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Afghanistan, “Parting,” Navid Mahmoudi, director;

Albania, “Chromium,” Bujar Alimani, director;

Algeria, “The Well ,” Lofti Bouchouchi, director;


Armenia, “Earthquake,” Sarik Andreasyan, director;

Australia, “Tanna,” Martin Butler & Bentley Dean,  directors;

Austria, “Stefan Zweig: Farewell to Europe ,” Maria Schrader, director;

Bangladesh, “The Unnamed,” Tauquir Ahmed, director;

Belgium, “The Ardennes,” Robin Pront, director;

Bolivia, “Sealed Cargo,” Julia Vargas-Weise, director;

Bosnia and Herzegovina, “Death in Sarajevo,” Danis Tanovic, director;

Brazil, “Little Secret,” Daniel Schumann, director;

Bulgaria, “Losers,” Ivarlo Hristov, director;


Canada, “It’s Only the End of the World,”  Xavier Dolan, director;

Chile, “Neruda,” Pablo Larraín, director;


Colombia, “Alias Maria,” José Luis Rugeles Gracia, director;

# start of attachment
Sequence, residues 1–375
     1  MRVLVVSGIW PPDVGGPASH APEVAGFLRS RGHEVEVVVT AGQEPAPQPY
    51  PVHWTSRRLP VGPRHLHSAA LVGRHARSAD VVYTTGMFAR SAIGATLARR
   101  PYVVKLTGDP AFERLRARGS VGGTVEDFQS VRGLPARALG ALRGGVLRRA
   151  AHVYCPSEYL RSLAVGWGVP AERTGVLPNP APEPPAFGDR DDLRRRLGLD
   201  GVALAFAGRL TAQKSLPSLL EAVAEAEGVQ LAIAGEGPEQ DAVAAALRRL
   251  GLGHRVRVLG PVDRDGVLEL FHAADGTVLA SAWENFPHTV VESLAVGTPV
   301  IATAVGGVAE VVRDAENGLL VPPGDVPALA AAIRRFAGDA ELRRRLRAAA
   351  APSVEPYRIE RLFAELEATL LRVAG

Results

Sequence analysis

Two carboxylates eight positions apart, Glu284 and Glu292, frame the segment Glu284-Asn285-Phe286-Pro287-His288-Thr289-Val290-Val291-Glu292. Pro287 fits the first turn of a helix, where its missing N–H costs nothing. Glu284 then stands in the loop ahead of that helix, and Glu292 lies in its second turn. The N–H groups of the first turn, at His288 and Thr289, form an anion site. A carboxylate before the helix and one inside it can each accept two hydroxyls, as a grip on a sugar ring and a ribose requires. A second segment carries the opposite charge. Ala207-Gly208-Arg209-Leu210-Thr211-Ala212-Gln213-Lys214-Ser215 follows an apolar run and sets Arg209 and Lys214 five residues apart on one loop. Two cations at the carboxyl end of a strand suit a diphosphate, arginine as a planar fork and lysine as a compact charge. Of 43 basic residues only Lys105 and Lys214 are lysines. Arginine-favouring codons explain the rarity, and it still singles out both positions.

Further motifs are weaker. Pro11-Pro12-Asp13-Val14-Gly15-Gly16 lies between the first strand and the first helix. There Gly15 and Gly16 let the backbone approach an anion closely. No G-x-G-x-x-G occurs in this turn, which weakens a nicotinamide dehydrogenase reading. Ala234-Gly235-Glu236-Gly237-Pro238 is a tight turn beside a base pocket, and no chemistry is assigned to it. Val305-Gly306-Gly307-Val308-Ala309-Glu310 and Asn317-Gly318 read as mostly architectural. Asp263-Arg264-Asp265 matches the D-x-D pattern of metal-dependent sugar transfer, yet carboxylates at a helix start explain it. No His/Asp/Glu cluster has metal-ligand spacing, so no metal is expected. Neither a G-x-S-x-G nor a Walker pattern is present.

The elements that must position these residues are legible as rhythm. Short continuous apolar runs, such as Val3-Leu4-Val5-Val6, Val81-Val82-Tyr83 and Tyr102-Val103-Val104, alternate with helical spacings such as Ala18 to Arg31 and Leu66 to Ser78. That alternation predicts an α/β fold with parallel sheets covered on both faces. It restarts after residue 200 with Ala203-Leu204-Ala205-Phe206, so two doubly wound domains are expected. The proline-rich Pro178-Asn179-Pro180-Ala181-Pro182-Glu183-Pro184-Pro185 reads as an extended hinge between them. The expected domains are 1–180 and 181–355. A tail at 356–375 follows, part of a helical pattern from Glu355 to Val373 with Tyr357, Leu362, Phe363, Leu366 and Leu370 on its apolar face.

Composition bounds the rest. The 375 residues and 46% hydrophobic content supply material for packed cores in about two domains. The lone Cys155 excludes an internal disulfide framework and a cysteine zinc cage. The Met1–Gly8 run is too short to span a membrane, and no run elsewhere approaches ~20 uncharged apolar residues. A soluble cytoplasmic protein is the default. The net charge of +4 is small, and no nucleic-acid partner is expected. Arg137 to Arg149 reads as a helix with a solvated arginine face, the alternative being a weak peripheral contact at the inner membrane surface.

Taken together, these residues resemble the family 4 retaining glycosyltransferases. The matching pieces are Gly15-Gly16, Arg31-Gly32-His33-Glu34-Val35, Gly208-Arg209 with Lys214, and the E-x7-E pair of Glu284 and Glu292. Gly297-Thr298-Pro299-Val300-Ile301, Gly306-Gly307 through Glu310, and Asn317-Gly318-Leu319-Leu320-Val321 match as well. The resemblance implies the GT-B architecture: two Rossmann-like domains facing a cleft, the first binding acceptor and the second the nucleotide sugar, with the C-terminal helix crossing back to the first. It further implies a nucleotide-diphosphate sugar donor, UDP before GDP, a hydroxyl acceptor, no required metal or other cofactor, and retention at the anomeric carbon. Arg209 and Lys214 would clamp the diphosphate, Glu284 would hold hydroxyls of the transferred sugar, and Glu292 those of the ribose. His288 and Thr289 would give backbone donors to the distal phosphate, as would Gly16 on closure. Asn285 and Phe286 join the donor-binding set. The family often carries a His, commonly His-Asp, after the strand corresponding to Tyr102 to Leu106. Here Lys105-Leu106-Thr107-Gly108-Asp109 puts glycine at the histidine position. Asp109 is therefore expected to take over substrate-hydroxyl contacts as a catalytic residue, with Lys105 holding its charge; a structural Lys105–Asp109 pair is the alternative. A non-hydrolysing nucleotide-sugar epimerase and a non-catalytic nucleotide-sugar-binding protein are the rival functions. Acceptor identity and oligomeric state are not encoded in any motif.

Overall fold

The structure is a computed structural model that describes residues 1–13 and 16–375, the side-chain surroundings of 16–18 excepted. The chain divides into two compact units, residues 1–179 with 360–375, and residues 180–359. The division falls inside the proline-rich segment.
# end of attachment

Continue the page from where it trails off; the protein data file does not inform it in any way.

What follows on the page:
Costa Rica

Croatia, “On the Other Side,” Zrinko Ogresta, director;

Cuba, “The Companion,” Pavel Giroud, director;

Czech Republic, “Lost in Munich,” Petr Zelenka, director;

Denmark, “Land of Mine,” Martin Zandvliet, director;

Dominican Republic, “Flor de Azucara,” Fernando Baez Mella, director;

Egypt, “Clash,” Mohamed Diab, director;

Estonia, “Mother,” Kadri Kõusaare, director;


Finland, “The Happiest Day in the Life of Olli Maki,” Juho Kuosmanen, director;

France, “Elle,” Paul Verhoeven, director;

Georgia, “Land of Others,” Rusudan Glurdjidze, director;

Germany, “Toni Erdmann,” Maren Ade, director;

Greece, “Chevalier,” Athina Rachel Tsangari, director;